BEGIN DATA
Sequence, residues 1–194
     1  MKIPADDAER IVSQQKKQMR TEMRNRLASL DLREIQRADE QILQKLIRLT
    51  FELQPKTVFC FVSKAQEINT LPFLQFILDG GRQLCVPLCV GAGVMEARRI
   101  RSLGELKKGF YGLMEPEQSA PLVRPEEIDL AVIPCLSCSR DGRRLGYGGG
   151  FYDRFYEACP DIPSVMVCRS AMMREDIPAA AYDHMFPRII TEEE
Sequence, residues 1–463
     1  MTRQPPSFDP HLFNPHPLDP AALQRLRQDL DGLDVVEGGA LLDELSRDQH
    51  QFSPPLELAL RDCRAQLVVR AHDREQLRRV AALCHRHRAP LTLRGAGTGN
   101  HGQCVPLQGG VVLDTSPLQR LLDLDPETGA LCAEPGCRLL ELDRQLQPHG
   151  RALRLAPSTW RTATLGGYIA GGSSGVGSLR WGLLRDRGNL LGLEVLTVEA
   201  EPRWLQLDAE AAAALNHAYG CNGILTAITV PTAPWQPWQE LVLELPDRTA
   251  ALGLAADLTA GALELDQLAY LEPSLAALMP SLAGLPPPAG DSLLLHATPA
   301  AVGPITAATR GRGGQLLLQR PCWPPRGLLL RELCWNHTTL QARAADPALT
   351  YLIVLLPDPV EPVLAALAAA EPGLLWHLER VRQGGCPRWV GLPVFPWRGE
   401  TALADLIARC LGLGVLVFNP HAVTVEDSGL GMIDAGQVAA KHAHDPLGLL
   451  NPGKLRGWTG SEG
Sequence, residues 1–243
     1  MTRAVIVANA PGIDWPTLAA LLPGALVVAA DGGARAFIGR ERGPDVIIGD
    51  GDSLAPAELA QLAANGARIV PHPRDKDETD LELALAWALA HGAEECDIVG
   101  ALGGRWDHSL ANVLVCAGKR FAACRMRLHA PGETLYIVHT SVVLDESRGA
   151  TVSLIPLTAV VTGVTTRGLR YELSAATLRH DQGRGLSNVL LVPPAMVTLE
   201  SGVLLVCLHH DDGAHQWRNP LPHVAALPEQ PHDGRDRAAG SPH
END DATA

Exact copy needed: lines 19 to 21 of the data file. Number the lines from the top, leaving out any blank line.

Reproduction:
    51  GDSLAPAELA QLAANGARIV PHPRDKDETD LELALAWALA HGAEECDIVG
   101  ALGGRWDHSL ANVLVCAGKR FAACRMRLHA PGETLYIVHT SVVLDESRGA
   151  TVSLIPLTAV VTGVTTRGLR YELSAATLRH DQGRGLSNVL LVPPAMVTLE